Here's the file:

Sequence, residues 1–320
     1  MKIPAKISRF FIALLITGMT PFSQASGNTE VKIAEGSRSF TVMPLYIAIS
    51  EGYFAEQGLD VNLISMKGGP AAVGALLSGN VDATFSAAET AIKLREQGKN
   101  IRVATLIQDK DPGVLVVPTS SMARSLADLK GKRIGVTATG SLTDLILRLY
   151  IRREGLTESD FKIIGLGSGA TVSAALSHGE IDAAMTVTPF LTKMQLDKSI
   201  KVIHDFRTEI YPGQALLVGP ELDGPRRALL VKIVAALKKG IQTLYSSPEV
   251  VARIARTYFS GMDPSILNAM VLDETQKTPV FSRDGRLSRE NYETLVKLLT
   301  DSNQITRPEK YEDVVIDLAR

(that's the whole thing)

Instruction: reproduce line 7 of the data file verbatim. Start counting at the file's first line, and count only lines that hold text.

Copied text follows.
   251  VARIARTYFS GMDPSILNAM VLDETQKTPV FSRDGRLSRE NYETLVKLLT